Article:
However, I worry that this is part of a trend in the way male movie stars have bulked up and dropped body fat for roles in the past few years.  For example, Dwayne “The Rock” Johnson has always been a big guy, but lately he seems so enormous and muscular as to appear almost cartoonish.  Chris Pratt shocked us all when he shed his Andy Dwyer normal-guy bod for his role in Zero Dark Thirty and has only seemed to get bigger since.  Hugh Jackman was fit when he began playing Wolverine in the first X-Men movie, but for X-Men: Days of Future Past, at 46 years old, he lifted his way into a newer, larger, more veiny physique.  The list goes on and includes Zac Efron (always fit but now even more muscley for Baywatch) as well as Justin Theroux (I guess the apocalypse means more abs?).  It’s hard not to see a trend.

Again, I encourage men to live their lives the way they want to achieve their priorities, whatever those might be.  But when there starts to be a trend within a specific group of people (in this case, actors), I start to wonder just how voluntary this is.  Are these men really choosing to live in the gym and eat nothing but protein for months at a time?  Or, in the way actresses have often been required to lose ten or 15 or 20 pounds off an already slender frame to land a role, is getting jacked being presented as a condition for that next starring role?

And in the same way that actresses with enviable and idealized bodies have always presented themselves as either the beneficiaries of good genetics (“Oh, my gosh, I eat so many burgers and I just love drinking beer”) or simply deeply committed to healthy eating and exercise, will these actors start presenting themselves that way, too?  Because just like many actresses were engaging in disordered eating in order to maintain those slender frames, those super-muscled physiques don’t come just from packing on the protein.  Even that wouldn’t be particularly healthy (McAvoy says of his diet: “Instead of eating two eggs in the morning, I’d eat eight. Then a snack of chicken breast. Then two chicken breasts for lunch and a steak for another snack. Then two salmon steaks for dinner.”  It should go without saying that that’s not a particularly balanced diet).  Worse is that many of these men are almost certainly using other substances, many of them of questionable value and provenance, to make the muscle gain easier and more effective.  Steroids and other exercise enhancers don’t just lead to things like shrunken testicles, acne, and sexual dysfunction–they can also lead to things like renal failure, liver cancer, heart disease, high blood pressure and cholesterol, and heart attacks.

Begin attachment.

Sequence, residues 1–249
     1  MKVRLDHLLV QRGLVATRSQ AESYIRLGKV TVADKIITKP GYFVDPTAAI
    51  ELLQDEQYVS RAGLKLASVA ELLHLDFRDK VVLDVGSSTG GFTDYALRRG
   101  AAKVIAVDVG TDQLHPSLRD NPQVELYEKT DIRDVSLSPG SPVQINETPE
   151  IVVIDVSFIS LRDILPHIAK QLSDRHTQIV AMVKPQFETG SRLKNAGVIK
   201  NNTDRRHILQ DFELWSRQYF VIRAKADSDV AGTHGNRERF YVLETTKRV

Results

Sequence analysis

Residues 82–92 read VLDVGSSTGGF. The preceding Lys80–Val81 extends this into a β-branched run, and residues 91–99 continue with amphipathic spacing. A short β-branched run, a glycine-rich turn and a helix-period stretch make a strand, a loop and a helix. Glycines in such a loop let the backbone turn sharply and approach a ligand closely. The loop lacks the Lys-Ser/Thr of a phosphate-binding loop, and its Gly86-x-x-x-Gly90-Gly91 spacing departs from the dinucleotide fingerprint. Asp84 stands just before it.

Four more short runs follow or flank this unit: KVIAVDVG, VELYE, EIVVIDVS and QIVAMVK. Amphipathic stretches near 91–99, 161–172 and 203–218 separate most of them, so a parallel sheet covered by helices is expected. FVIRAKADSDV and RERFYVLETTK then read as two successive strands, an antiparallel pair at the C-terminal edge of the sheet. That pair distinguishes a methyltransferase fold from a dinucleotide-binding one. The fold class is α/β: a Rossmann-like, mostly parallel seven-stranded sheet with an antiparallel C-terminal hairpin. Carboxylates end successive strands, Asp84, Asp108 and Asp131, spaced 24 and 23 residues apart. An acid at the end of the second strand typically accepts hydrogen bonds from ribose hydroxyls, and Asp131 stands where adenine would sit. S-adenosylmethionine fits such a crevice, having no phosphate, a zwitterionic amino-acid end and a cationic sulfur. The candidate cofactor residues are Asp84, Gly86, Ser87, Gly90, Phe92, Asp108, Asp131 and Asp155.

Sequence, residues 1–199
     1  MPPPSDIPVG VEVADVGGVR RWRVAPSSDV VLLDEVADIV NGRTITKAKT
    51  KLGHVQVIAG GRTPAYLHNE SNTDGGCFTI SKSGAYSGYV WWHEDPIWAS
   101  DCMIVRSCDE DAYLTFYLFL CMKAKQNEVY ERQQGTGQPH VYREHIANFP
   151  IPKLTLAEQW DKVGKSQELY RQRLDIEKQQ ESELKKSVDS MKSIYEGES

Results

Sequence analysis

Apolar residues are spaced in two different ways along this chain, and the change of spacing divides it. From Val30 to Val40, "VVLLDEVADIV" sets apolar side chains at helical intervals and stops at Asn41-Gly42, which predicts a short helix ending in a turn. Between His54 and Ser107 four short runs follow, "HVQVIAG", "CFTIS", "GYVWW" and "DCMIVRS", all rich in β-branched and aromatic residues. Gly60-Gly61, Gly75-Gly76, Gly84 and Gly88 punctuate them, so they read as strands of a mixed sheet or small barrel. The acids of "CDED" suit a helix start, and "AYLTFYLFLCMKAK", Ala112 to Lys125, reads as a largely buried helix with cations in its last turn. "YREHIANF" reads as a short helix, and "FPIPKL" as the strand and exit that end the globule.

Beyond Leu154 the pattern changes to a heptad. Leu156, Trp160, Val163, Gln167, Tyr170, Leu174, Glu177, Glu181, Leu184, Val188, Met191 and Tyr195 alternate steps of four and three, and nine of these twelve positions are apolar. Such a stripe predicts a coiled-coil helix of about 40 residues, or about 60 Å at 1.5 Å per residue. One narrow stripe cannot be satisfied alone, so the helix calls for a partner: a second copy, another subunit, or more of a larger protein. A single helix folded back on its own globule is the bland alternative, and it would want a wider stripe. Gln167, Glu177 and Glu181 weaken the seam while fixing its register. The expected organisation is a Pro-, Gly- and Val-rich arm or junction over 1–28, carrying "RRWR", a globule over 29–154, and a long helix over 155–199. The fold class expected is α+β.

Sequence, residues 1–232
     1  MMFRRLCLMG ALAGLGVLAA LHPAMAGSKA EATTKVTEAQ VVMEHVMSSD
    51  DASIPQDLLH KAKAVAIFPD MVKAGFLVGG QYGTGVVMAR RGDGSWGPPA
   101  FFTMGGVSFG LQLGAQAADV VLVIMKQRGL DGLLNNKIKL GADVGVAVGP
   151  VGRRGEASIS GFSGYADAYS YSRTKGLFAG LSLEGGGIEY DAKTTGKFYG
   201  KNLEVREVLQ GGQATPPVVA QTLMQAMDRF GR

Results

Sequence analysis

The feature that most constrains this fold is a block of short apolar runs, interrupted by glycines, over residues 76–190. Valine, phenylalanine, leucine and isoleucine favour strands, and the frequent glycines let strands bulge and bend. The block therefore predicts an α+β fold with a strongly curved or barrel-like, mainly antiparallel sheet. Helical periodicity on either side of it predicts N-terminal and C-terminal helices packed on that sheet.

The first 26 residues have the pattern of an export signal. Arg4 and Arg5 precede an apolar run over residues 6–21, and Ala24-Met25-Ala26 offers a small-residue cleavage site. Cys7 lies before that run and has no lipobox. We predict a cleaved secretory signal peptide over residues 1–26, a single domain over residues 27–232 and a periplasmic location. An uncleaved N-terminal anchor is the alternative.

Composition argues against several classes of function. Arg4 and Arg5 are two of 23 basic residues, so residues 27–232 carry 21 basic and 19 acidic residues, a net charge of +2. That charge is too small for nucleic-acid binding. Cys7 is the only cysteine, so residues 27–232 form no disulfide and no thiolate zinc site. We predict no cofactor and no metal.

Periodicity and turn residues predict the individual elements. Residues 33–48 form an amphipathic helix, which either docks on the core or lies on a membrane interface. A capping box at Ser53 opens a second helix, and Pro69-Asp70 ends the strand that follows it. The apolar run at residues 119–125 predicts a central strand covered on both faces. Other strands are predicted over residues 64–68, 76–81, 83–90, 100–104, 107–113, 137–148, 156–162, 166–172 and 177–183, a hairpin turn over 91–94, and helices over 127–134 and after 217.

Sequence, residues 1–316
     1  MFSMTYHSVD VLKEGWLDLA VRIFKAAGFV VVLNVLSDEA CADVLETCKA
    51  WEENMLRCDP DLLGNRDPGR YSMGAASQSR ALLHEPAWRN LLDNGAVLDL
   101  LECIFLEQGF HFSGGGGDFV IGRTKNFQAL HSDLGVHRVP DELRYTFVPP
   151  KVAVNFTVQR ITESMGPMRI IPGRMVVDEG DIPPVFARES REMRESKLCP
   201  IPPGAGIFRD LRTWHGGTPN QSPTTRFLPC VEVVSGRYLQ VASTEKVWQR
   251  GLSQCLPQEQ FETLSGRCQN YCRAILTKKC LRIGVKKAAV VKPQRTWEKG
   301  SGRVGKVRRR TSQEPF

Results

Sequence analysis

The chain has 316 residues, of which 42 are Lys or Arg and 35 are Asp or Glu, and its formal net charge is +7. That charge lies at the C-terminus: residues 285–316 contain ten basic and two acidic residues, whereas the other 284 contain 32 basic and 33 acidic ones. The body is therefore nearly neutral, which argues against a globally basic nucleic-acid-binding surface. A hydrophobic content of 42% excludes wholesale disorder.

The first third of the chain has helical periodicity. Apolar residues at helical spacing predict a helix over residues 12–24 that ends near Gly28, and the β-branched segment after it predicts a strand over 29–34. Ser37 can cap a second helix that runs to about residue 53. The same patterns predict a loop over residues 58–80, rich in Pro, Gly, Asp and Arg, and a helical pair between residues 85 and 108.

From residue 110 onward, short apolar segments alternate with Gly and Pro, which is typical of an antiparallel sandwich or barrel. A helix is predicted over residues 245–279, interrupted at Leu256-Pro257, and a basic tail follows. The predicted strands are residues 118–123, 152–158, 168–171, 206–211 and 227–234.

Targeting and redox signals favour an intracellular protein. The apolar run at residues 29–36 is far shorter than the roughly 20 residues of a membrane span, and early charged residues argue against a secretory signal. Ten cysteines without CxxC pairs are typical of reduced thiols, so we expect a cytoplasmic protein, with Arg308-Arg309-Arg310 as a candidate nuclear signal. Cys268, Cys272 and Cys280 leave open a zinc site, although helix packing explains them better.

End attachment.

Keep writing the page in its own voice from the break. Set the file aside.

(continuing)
Beyond these specific men who have made the choice to become larger for personal or career reasons, the bodies that we see on television and movie screens normalize what we think bodies in general can and should look like.  Will seeing ripped body after jacked body make men feel dissatisfied with their own normal, perfectly healthy bodies, the same way women often feel dissatisfied with theirs?  And will it drive men to pursue riskier activities in an attempt to achieve what they think is “normal”?  I might sound alarmist, but I spend enough time worrying about how to make sure my daughter grows up with a healthy body image–I don’t need anybody coming along to rip my son’s down, too.

For ages, women have complained that they are held to unrealistic standards.  They’ve pointed out that it’s unfair that what passes for a normal, attractive woman on television is pretty narrow compared to the wide range of body types and shapes out in the real world.  And we’ve pointed out that it wasn’t fair, considering that men aren’t held to the same standards.  I’m worried that Hollywood took the wrong meaning from that.  We were looking for them to give women a break, to present a wider range of bodies as valuable and worthy of love.  We didn’t mean that we wanted them to create new, unrealistic standards against which to hold men.

The cost of fear

2016-07-15 09.34.30 (2)Last week, I started seeing a particular story being shared on social media by a number of my friends.  According to a Facebook post by a mother from Southern California, while at Ikea, she and her children were stalked by two well dressed men who appeared to have no interest in shopping.  She goes on to say that she believes these may have been human traffickers, waiting for a moment when she was distracted to snatch one or more of her children.  Luckily, she and her mother kept a close eye on the children and managed to lose the men by doubling back.  It’s a chilling story, one that plays into every parent’s worst nightmare.

I can’t say whether this particular mother’s story is true.  I wasn’t there and I don’t know her, so like any anecdote from a stranger on the internet, it’s unverifiable.  I can see why so many of my friends and family members share them on social media with posts like A good reminder of why you should always be aware when you’re out and about with your littles.